August 2009 Archives

Close Reading or Close-Mindedness?

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In my personal essay concerning my good friend "Literature and I," I detailed how I had a love-hate relationship with literature. I love the places that literature delivers me to, and the state of mind that I employ whenever I read. But I stated that I severely disliked how, as Karyssa put it, literature is surgically invaded and ripped apart. Every single detail is analyzed. So, I was interested in reading this chapter in Roberts. I wanted to see if every preconceived notion I'd ever had about explication and close readings would be squashed, and I wished to develop an open mind about this aspect of English major-dom.

I began this reading with an open mind only to find that the main characteristic of close reading is, indeed, close-mindedness. I was initially tipped off when Roberts stated that close-readings are primarily conducted about poems (53). Even though I believe it would be tedious to explicate entire stories, it is entirely too specific to say that an analytical process is confined to a specific genre. Additionally, while reading the essay about Mark Twain's "Luck," I noticed that the author of the essay analyses the number of words in a sentence, "eighty-one words long," to be exact (58). I don't mean to be a Debbie Downer, but I'd just like to ask "Who cares?"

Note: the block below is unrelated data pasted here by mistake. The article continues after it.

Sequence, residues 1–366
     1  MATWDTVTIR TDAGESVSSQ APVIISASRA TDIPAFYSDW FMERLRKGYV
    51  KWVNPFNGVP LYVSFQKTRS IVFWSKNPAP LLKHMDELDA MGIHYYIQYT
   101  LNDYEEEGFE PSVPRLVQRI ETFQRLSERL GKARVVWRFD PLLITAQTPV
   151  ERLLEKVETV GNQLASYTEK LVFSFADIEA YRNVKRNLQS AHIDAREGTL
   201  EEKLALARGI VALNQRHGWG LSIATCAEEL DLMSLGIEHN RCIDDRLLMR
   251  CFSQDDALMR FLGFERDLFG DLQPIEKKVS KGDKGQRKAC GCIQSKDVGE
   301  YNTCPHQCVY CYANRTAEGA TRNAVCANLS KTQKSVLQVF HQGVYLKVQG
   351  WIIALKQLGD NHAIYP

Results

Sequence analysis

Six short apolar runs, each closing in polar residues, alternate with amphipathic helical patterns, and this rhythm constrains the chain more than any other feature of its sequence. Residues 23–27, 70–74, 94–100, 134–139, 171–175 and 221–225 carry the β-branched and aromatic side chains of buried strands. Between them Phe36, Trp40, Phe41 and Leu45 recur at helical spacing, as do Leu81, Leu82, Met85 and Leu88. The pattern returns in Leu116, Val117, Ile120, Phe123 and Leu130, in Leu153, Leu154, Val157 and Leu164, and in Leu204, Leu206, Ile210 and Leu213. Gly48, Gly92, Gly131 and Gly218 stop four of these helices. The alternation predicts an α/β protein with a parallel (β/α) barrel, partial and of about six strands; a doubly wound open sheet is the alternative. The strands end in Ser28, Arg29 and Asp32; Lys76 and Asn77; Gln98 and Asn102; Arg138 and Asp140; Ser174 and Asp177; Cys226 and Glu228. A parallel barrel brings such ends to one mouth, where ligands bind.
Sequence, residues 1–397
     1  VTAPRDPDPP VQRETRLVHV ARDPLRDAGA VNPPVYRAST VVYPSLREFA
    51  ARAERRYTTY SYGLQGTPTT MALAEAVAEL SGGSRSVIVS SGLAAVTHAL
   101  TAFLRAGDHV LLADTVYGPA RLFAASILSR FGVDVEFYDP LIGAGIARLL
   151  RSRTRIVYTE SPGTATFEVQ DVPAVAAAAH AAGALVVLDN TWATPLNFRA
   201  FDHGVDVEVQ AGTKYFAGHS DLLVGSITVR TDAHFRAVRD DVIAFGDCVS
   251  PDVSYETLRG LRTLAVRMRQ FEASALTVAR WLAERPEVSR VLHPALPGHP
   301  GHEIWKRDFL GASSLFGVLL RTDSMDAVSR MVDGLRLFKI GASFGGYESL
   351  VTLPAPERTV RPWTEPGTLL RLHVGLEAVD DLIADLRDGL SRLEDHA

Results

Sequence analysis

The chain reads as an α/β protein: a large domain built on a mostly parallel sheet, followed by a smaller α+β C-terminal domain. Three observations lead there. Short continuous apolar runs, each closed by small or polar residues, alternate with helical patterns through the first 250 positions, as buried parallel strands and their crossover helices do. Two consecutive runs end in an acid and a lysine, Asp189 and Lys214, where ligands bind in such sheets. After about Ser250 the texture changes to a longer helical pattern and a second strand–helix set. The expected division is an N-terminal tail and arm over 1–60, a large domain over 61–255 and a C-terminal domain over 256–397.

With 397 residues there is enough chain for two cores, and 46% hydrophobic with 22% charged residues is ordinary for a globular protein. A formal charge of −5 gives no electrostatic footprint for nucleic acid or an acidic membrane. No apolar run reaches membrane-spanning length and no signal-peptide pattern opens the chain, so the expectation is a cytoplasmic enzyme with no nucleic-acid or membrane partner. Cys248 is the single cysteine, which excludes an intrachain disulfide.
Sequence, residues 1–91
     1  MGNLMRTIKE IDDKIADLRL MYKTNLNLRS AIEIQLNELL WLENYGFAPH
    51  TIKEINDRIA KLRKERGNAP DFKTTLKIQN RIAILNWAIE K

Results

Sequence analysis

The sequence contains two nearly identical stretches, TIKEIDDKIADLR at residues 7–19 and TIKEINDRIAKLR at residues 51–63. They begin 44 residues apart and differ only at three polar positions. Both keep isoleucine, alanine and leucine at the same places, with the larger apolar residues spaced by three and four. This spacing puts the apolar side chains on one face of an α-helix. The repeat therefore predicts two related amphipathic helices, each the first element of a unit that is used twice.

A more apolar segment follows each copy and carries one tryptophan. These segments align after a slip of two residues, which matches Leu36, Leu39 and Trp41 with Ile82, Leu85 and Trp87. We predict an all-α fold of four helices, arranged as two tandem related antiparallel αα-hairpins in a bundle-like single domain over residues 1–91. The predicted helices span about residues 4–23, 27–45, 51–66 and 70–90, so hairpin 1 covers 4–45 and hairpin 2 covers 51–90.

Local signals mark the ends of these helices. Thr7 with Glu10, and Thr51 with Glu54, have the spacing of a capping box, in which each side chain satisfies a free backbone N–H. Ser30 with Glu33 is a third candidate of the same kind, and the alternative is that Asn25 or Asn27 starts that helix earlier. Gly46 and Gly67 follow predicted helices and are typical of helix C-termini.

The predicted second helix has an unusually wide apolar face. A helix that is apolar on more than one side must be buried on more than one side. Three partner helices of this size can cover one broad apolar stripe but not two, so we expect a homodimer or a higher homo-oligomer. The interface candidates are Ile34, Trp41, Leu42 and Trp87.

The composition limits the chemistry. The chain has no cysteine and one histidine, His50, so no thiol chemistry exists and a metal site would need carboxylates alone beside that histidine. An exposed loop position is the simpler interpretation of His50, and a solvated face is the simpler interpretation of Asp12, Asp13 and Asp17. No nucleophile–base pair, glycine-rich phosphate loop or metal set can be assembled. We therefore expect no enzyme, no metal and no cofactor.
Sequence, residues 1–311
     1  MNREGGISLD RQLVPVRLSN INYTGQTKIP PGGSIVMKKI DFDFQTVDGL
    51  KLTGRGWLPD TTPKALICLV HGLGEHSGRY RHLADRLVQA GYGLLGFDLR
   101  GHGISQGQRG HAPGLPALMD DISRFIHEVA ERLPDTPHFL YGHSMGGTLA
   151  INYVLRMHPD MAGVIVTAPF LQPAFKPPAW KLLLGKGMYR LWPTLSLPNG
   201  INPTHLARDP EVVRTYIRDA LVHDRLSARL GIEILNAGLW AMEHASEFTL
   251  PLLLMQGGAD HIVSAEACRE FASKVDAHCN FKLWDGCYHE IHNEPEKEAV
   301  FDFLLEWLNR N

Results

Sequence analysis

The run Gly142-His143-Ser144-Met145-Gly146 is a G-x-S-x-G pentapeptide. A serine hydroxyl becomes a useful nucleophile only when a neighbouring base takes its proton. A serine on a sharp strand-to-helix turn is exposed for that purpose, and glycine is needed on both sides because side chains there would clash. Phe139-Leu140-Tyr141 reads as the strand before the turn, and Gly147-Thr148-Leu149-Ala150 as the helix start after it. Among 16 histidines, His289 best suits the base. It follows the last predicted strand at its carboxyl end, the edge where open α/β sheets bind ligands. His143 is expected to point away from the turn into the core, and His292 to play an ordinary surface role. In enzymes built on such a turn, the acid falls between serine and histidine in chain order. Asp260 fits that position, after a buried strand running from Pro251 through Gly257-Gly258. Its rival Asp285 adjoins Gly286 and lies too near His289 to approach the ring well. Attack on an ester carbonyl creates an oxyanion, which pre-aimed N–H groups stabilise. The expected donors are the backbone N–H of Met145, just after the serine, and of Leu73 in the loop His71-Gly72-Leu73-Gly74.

So, I believe that close reading, rather than offering an expanded vision of a work that broadens one's literary horizons, instead forces a reader to be close-minded. A certain level of analysis is warranted and can sometimes help a reader to achieve further insight. That does not, however, mean that the reader has to pick apart a work until it is mangled.

October 2009

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